President Vladimir Putin may have hinted to an invasion of Ukraine in July 2021 in a public letter declaring that ‘true sovereignty of Ukraine is possible only in partnership with Russia.’
The Russian leader, who today launched all-out war on Ukraine with simultaneous attacks coming from south, east and north, by land and air, appeared to lay out the pretext for his invasion last year after being asked about Russian-Ukrainian relations.
It comes as missiles and bombs today rained from the sky and Luhansk, Sumy, Kharkiv and Chernihiv, in the east of Ukraine, all reported coming under attack after Putin gave the order to invade.
In his stark warning penned last year, Putin described how ‘Russians, Ukrainians, and Belarusians were all descendants of Ancient Rus, which was the largest state in Europe’ and said ‘Russians and Ukrainians were one people – a single whole’.
He noted that the name ‘Ukraine’ emerged in written source from the 12th century, and could be traced back to the old Russian word ‘okraina’ before going on to say the word Ukrainian ‘originally referred to frontier guards who protected the external borders’.
President Vladimir Putin, who today launched a war on Ukraine, hinted to an invasion of Ukraine in July 2021 in an open letter
The president wrote: ‘I am confident that true sovereignty of Ukraine is possible only in partnership with Russia. Our spiritual, human and civilizational ties formed for centuries and have their origins in the same sources, they have been hardened by common trials, achievements and victories.
‘Our kinship has been transmitted from generation to generation. It is in the hearts and the memory of people living in modern Russia and Ukraine, in the blood ties that unite millions of our families. Together we have always been and will be many times stronger and more successful. For we are one people.
‘Today, these words may be perceived by some people with hostility. They can be interpreted in many possible ways. Yet, many people will hear me.
‘And I will say one thing – Russia has never been and will never be ‘anti-Ukraine’. And what Ukraine will be – it is up to its citizens to decide.’
In his public address the Russian president claimed that Russia’s historical enemies – Poland and Austria-Hungary – had crafted narratives to separate Russia and Ukraine and argued that ‘there was no historical basis’ for dividing the two countries.
The alarming note came less than two months after the Verkhovna Rada (Ukraine’s parliament) passed a bill which guaranteed the human rights and basic freedoms the indigenous peoples of Ukraine established by international law and the constitution.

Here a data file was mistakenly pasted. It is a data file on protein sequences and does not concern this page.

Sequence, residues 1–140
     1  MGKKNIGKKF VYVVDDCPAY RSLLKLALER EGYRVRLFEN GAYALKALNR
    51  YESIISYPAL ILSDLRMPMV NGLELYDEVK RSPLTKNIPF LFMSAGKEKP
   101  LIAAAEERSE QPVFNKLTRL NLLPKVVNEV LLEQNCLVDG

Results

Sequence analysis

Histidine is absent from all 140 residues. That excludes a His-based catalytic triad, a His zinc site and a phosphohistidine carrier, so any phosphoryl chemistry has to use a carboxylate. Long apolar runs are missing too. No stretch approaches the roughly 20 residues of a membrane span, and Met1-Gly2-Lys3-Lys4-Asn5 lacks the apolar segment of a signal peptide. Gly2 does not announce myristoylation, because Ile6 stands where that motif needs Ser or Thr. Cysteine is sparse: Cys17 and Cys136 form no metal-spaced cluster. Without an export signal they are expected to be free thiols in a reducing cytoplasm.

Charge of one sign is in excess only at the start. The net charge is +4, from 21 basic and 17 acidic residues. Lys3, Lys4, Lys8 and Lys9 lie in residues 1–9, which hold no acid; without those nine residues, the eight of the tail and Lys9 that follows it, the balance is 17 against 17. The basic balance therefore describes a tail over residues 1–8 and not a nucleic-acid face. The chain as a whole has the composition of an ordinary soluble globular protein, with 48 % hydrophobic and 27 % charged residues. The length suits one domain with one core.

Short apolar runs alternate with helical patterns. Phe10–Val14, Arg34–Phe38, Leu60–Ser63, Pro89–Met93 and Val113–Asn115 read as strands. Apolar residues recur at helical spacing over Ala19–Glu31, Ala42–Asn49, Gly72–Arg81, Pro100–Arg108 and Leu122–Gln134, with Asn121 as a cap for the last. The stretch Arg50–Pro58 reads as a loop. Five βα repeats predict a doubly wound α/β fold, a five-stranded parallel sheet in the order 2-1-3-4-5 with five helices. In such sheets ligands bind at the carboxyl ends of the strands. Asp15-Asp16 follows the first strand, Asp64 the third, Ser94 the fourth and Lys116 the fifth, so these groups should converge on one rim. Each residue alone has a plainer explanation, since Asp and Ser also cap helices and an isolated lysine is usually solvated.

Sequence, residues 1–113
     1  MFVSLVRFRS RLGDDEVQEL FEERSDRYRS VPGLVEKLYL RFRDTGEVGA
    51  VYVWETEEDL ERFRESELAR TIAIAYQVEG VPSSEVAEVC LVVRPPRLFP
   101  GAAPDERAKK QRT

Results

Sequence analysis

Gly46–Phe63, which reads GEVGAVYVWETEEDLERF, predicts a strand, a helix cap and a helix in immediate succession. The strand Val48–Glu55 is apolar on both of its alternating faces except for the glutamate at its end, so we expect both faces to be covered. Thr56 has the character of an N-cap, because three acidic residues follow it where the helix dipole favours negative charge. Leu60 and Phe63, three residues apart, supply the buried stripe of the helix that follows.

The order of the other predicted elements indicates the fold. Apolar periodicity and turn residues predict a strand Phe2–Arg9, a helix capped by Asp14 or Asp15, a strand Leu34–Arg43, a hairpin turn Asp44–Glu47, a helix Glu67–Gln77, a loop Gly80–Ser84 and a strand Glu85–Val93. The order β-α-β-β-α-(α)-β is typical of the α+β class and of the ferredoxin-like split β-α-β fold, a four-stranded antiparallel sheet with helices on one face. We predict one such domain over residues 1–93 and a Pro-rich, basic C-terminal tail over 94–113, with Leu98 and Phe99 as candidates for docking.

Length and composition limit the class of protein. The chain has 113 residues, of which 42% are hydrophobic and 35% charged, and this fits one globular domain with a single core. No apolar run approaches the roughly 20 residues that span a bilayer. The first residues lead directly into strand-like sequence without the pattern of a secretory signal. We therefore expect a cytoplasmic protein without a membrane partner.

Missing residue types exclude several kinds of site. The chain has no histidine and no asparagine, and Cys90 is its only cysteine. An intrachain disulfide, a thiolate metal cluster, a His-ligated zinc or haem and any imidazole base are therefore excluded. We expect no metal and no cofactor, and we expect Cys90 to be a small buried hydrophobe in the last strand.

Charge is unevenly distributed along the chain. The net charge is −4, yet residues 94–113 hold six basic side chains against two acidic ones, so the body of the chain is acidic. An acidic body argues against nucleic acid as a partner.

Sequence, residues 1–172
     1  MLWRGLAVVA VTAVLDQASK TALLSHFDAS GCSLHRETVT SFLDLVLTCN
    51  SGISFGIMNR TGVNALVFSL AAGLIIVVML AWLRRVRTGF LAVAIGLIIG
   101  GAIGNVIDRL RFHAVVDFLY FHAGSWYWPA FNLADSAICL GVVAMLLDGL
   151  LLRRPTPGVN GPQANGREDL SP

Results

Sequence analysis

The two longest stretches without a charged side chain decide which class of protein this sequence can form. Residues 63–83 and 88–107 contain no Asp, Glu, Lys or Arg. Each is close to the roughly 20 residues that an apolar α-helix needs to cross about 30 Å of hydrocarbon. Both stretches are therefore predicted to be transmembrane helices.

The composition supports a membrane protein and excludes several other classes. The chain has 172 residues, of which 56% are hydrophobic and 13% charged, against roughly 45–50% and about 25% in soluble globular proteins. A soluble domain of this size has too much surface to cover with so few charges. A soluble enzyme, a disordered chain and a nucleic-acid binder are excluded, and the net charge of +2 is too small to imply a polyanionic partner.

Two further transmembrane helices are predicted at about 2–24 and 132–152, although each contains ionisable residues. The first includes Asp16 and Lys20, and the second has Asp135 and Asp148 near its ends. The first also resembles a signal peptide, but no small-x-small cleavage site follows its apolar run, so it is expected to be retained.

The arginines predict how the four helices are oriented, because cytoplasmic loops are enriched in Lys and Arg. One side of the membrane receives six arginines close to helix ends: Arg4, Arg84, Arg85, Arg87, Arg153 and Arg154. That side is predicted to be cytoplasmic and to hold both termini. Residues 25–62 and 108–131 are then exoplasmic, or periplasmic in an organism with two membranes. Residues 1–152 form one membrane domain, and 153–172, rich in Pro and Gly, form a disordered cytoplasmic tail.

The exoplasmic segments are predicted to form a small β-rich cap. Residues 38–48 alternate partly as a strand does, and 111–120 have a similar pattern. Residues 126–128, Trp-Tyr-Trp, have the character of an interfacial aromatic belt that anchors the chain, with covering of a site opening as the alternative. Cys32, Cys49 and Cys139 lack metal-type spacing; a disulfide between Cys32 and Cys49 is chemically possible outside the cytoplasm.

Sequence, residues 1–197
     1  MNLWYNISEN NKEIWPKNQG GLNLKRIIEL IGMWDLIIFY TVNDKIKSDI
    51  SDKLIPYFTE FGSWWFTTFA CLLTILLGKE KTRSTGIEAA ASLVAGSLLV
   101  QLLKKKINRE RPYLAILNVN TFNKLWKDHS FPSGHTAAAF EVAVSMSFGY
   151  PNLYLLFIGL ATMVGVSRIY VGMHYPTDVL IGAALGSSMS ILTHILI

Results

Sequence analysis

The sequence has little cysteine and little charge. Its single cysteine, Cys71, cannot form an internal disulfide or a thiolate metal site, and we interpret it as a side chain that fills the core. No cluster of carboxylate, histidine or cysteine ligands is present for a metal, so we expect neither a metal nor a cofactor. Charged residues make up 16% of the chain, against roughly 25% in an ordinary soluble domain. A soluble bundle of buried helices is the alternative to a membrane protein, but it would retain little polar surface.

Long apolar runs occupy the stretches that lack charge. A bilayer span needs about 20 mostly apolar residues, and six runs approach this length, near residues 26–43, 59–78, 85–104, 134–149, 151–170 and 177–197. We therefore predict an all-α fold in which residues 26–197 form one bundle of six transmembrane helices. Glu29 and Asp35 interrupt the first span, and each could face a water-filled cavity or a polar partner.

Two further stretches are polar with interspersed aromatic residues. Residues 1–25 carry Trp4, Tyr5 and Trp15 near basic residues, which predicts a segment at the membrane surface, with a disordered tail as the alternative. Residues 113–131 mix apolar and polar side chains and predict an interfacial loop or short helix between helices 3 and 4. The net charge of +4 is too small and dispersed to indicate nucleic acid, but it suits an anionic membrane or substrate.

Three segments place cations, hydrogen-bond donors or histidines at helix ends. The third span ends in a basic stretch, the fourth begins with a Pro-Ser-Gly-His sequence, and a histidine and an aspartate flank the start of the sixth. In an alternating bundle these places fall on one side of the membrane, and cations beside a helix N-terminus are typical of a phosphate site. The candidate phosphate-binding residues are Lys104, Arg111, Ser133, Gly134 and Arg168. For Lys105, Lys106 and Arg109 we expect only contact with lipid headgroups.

Under the new law, the indigenous peoples would be protected against actions aimed at: the elimination of their ethnicity, destruction of cultural values, ‘deportation or forced displacement from the location of compact residence in any form,’ the Russian news agency TASS reported.
But the definition meant that Russians could not be considered an indigenous people of Ukraine.
The initiative received harsh criticism from President Vladimir Putin who said in a televised interview that the bill did not comply with the norms of international humanitarian law.
It was also slammed by the Russian Orthodox Church who said the bill could ‘undermine the stability and integrity of Ukraine’.
The bill came as Ukraine’s president Volodymyr Zelenskyy said he was fighting for Crimea, which was invaded by Russian troops in 2014 and annexed from Ukraine, ‘not on billboards but on all international platforms’.
Mr Zelenskyy said: ‘For the first time since the occupation, we are fighting for Crimea not on billboards, but on all international platforms and meetings. Not by slogans, but by official documents. For the first time since 2014, the strategy of deoccupation and reintegration of Crimea has been developed and approved.
‘The area is 27 thousand square kilometers. Larger than some countries in Europe and the world. But we are not fighting for hectares, we’re fighting for people, for our citizens. And for the first time in history, we passed a law on indigenous peoples, which consolidated the status and rights of Crimean Tatars. ‘
Addressing the bill in his public letter last year Putin said: ‘The current president introduced a bill on ‘indigenous peoples’ to the Rada.